Is Brooklyn Still Underground Enough?
With Manhattan hotspots closing down, pushing new crowds into Brooklyn, Arielle Lana LeJarde asks: is Brooklyn still underground enough?
On a random Tuesday night or even a Saturday at 2 pm, you can find a New York City spot that’s packed wall-to-wall with partygoers.
The city that never sleeps has been hailed as one of the best places in the world for live music due to its diversity in both crowds and musical variety. Whether you’re going to a hot, sweaty techno show in a closed photo studio in Bushwick, a high-end club night in the Meatpacking District, or seeing a billboard-charting artist at Madison Square Garden - there’s a reason people come to party in NYC.
Just across the bridge from Manhattan lies Brooklyn, but the culture shift between the two is worlds apart. Clinton Hill-based dance music producer QRTR explains it as such:
“Brooklyn nightlife is way more DIY. I think of venues like Knockdown Center (which technically toes the line between Brooklyn and Queens), which feels like this high-end warehouse. I don’t know that you see anything like that in Manhattan.
When you go to a show in Manhattan, you’re making a whole thing of it. Brooklyn, it feels like this is our community — our lifestyle. We’re probably just going to run into some friends at this show and the energy is more casual.”
“Brooklyn feels more underground to a lot of people.
You go to Manhattan [and] there's the bottle service, there's influencers, there's a lot more money flowing through those spaces. And so the focus of why those spaces exist is a little bit different. That reflects in the music as well.”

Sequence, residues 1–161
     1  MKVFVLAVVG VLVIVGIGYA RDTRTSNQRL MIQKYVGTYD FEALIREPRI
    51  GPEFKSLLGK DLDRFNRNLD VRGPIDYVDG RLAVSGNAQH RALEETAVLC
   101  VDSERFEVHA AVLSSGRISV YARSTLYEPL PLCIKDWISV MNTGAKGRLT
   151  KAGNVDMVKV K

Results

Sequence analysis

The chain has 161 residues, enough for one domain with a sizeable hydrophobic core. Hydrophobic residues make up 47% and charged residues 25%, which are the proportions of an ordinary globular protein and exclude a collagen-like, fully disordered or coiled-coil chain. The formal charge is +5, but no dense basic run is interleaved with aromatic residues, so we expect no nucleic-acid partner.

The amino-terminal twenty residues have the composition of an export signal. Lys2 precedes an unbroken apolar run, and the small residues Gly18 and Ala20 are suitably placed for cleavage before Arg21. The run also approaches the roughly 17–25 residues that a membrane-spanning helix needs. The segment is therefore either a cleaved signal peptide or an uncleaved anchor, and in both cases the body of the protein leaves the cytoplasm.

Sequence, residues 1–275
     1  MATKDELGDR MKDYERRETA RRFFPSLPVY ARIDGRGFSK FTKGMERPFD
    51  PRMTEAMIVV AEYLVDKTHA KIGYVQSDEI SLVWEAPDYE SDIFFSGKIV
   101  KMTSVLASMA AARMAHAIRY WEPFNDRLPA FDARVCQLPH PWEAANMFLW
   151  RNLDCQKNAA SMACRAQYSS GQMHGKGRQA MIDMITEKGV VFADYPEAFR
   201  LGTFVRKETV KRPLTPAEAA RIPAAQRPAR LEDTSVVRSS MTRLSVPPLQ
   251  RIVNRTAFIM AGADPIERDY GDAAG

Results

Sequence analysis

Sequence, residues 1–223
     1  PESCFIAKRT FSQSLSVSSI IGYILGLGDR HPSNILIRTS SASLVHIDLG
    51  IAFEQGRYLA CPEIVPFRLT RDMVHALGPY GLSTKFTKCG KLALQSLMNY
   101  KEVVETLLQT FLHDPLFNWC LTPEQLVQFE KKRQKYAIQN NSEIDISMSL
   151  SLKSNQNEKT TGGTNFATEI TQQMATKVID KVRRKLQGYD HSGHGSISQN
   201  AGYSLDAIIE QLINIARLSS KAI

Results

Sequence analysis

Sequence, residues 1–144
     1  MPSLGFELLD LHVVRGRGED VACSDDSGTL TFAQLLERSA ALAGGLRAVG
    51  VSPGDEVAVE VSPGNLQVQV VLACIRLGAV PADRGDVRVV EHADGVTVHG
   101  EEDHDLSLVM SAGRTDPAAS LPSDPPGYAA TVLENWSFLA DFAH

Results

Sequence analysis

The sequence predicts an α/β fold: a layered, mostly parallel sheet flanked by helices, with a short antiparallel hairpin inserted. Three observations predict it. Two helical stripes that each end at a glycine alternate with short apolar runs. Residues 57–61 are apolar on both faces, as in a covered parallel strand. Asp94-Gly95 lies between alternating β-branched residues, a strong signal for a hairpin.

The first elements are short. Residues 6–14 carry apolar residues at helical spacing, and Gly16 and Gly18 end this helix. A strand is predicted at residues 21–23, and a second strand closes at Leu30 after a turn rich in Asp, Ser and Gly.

The Brooklyn underground nightlife scene has always been around, but with hotspots closing all over Manhattan like Pacha in 2015, Webster Hall in 2017, and Cielo in 2018 — clubgoers needed a place to go.
Enter two of Brooklyn’s largest nightlife attractions: Avant Gardner and Elsewhere. Just a mile apart, the two music venues popped up in 2017, creating new stomping grounds for people who were fiending for a good night out.
“If you zoom out of it, people were leaving Manhattan to come to Brooklyn.
People with more money were moving out of Manhattan. And suddenly Williamsburg became the new SoHo, in a way. So I think it was sort of inevitable.”
It also didn’t help that rent was skyrocketing in Manhattan, and venues wanted to find more substantial event spaces, tired of the volatility moving from one open rental to the next.